Maidenhead Railway Bridge
Maidenhead Railway Bridge
Maidenhead Road Bridge is a fine example of eighteenth century design and workmanship. A series of thirteen arches support the busy A4 roadway which in turn is protected at the sides by a decorative balustrade. Fine example though it is, as a feat of engineering it is dwarfed by the next bridge, the Maidenhead Railway Bridge.
Maidenhead Railway Bridge (or Maidenhead Viaduct) was designed by the great Isambard Kingdon Brunel, and is considered to be the best of the three bridges that he constructed over the Thames. (The other two I have already passed being situated back upstream at Gatehampton and Moulsford).
The construction is all brick, and provides a colourful photograph standing out in deep red against the background grey skies. Just two great arches support the tracks, and at the time it was built these were the widest bridge arches in the world at 128 feet (39m) each. These were also the flattest arches with a rise of only 24 feet (7m). This was essential if Brunel was to retain his obsession with keeping to long and gentle gradients on his railway. So successful was he at achieving this target that the gradient on this whole stretch around Maidenhead has a slope of only 1 in 1,320 a remarkable piece of civil engineering.
Not everyone was confident that Brunel’s engineering would prove to be as effective as he claimed. The board of the Great Western Railway had a touch of the “health and safety” panic and ordered that the wooden framework used to support the arches during construction should remain in place as additional insurance against the bridge collapsing under the weight of the trains. Good old Isambard was having none of it, and arranged for the supports to be slightly lowered so that everything still looked hunky-dory to the men with the clipboards but in fact the support was non-existent. Some years later those wooden supports (or more correctly non-supports) were washed away in floods and the men in suits were astonished when the bridge did not fall down. Brunel was able to say “Told you so” and the framework was never replaced. One can imagine that Brunel is up there somewhere, perched on a cloud with his harp, looking down and saying to the former railway board members, “180 years and still going strong; stick that in your waistcoat pocket”.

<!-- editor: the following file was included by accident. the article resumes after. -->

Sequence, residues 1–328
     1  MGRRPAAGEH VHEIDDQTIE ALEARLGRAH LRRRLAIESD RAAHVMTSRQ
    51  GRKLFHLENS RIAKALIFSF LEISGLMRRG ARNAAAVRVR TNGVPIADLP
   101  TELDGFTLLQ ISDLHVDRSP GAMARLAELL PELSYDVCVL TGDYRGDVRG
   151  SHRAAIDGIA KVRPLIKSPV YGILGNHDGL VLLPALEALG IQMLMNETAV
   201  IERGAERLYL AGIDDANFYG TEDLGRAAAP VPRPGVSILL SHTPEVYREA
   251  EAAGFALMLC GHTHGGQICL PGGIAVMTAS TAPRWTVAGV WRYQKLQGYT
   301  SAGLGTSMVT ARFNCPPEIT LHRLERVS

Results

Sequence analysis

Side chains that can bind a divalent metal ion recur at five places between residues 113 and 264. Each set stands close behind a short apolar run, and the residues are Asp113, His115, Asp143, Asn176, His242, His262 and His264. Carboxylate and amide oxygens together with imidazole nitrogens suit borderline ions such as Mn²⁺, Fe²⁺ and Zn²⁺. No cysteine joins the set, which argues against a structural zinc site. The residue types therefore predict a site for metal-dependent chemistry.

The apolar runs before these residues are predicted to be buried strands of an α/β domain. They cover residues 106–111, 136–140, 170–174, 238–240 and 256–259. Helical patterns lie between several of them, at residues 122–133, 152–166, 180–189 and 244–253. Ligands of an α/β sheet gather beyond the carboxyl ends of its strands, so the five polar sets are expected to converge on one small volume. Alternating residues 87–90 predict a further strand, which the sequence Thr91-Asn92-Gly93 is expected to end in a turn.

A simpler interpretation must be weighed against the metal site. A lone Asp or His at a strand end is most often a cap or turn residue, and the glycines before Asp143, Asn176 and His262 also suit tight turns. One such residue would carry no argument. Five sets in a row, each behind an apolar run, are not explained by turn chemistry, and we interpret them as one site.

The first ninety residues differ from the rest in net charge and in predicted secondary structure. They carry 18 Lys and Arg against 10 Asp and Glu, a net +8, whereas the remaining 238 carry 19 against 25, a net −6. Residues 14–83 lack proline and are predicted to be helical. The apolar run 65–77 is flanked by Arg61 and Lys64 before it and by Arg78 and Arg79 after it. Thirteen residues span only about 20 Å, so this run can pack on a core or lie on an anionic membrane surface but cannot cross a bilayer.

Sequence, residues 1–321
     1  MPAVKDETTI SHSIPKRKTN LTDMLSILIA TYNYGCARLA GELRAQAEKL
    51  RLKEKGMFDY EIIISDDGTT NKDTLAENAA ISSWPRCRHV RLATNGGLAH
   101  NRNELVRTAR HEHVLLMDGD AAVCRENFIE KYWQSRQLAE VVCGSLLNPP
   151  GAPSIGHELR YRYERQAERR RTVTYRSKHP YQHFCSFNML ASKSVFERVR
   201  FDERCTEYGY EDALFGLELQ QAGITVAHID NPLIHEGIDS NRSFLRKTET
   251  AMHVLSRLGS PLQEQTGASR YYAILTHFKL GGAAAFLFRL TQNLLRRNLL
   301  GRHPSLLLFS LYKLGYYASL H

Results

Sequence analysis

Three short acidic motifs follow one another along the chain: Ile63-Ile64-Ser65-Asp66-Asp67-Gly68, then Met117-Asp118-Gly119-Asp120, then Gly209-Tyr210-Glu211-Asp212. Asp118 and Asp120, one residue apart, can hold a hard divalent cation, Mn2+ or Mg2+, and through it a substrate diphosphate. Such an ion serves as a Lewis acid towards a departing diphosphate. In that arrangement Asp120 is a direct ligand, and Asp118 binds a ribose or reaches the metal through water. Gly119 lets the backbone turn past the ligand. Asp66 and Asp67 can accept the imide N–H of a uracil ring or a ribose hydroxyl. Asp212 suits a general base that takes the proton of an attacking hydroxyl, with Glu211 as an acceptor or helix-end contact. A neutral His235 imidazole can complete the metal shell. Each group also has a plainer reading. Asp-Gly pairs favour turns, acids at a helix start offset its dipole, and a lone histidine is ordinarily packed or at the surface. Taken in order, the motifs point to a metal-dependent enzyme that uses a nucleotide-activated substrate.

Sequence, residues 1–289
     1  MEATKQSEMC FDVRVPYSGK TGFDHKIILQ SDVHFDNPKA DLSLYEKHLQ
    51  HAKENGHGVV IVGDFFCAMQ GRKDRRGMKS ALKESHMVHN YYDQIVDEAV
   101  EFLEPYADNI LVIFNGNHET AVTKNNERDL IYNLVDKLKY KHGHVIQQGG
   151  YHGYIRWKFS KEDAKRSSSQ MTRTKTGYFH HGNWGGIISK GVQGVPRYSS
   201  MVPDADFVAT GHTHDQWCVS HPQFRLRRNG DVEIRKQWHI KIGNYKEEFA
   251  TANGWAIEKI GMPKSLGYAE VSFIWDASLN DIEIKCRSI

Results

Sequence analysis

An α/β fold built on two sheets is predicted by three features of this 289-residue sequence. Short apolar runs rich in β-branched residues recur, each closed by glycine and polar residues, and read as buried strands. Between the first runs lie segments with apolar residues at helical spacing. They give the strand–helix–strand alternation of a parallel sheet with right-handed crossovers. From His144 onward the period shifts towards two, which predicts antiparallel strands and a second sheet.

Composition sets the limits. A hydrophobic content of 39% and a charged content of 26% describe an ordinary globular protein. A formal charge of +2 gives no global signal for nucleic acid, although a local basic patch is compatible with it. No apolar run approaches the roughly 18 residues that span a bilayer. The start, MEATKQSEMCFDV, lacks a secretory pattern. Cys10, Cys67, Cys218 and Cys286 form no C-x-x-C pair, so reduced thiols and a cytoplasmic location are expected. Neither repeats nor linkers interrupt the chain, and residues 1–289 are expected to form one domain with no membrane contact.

The bridge was famously painted by J.M.W.Turner (1775-1851) in his 1844 painting “Rain, Steam and Speed – The Great Western Railway” that can be viewed in the National Gallery, London.
According to the guidebook the arch under which the Thames Pathway passes is known as the “Sounding Arch” because it has a spectacular echo. So as I walk underneath I give a shout (it has to be done) to see if it is true. It is.
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